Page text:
LB Derrick Brooks was injured on the last play of Sunday's game but should be cleared to play in Tennessee
A little over a week ago in Minnesota, RB Warrick Dunn scored what might have been the winning touchdown on a tough, six-yard run up the middle, just a few plays after putting the Tampa Bay Buccaneers in position to score with a 20-yard burst.
The team's delight over that play dimmed rapidly, however, not only because the opposing Minnesota Vikings then rallied for their own go-ahead touchdown, but because Dunn suffered a foot sprain on the 20-yard run that was expected to keep him out two to four weeks.
Against the Green Bay Packers on Sunday, the Buccaneers once again came up with a big play at the end of the game only to see one of their Pro Bowl performers injured in the action. This time, however, there is no reason to curb the team's enthusiasm, as the Bucs held on for victory and the injury is, it was reported on Monday, less severe than Dunn's sprain.
LB Derrick Brooks was one of about four defenders that converged on WR Donald Driver in the back of the end zone on the game's final play, a frightening pass by QB Brett Favre that would have won the game for the Packers if Driver had been allowed to catch it. John Lynch came from the other side of the end zone to bat the ball away at the last second, sending his teammates into a wild celebration.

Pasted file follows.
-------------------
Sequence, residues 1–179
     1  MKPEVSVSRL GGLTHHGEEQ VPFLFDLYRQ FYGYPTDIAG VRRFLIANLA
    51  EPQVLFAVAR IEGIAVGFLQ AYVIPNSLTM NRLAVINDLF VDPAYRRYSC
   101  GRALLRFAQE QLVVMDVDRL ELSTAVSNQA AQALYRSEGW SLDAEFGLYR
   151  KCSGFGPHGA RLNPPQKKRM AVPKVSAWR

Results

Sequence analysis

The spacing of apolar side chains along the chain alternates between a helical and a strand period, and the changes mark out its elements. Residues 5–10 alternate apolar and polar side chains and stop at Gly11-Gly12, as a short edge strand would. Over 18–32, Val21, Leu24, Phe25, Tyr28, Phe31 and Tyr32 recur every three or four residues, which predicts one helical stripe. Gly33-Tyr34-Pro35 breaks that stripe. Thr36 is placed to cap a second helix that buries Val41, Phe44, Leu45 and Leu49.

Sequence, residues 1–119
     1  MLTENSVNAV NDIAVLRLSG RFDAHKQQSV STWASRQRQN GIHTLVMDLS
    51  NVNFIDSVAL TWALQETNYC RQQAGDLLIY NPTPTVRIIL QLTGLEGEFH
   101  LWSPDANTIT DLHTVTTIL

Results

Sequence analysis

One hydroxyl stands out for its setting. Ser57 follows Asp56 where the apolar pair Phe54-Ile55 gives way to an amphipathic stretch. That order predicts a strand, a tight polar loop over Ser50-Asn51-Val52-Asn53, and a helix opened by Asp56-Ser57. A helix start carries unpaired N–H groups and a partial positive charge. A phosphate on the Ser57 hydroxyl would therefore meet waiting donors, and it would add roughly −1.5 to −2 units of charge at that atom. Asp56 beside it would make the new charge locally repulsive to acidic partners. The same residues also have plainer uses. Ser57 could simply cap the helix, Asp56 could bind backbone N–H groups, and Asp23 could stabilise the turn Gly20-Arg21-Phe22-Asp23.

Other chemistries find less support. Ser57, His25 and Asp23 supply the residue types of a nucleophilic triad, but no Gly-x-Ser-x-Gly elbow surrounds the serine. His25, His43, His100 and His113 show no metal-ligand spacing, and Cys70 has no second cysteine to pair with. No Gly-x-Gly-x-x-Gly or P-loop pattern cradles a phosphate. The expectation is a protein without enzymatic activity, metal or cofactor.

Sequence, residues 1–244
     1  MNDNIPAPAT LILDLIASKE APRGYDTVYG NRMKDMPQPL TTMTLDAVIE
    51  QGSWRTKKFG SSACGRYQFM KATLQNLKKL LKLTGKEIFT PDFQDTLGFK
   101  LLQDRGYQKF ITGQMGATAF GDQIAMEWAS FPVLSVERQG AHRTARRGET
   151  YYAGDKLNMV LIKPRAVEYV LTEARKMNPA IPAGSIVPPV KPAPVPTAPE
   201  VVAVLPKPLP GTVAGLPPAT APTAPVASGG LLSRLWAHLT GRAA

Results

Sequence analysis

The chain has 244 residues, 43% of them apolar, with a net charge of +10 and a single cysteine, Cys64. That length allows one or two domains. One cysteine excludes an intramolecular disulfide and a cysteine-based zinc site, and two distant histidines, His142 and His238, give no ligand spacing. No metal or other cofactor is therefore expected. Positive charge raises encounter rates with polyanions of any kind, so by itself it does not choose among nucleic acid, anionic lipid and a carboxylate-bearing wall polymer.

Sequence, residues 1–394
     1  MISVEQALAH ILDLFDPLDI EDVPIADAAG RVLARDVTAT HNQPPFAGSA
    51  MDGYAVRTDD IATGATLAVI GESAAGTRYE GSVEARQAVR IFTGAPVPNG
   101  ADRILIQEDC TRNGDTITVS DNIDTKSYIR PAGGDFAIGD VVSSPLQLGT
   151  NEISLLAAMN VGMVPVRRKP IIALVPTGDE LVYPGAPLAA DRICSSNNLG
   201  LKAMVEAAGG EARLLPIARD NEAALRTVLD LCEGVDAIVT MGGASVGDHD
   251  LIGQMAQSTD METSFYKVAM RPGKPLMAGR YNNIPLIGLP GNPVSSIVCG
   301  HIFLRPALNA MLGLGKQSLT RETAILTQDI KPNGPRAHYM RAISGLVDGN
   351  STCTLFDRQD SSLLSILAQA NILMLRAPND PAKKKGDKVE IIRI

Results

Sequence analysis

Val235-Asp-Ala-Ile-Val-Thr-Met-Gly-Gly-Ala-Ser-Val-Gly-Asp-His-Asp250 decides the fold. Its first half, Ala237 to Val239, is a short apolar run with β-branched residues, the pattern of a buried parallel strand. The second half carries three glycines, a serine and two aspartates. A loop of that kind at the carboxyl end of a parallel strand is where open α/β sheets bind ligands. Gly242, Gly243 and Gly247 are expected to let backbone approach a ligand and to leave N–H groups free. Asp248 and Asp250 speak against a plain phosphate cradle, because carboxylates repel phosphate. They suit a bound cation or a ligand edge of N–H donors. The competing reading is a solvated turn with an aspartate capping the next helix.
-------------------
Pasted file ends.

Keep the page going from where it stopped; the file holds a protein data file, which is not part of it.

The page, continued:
Brooks, however, did not join in, as he had suffered a left foot sprain on the play. In fact, it is a sprain similar to the one suffered by Dunn a week before. Fortunately, Head Coach Tony Dungy reported on Monday that Brooks is likely to return quicker than Dunn, or rookie CB Dwight Smith, who missed almost four weeks with the same injury.
"It's similar to Warrick's and Dwight Smith's but not quite as serious," said Dungy. "We're hoping he'll be able to practice by Thursday or Friday."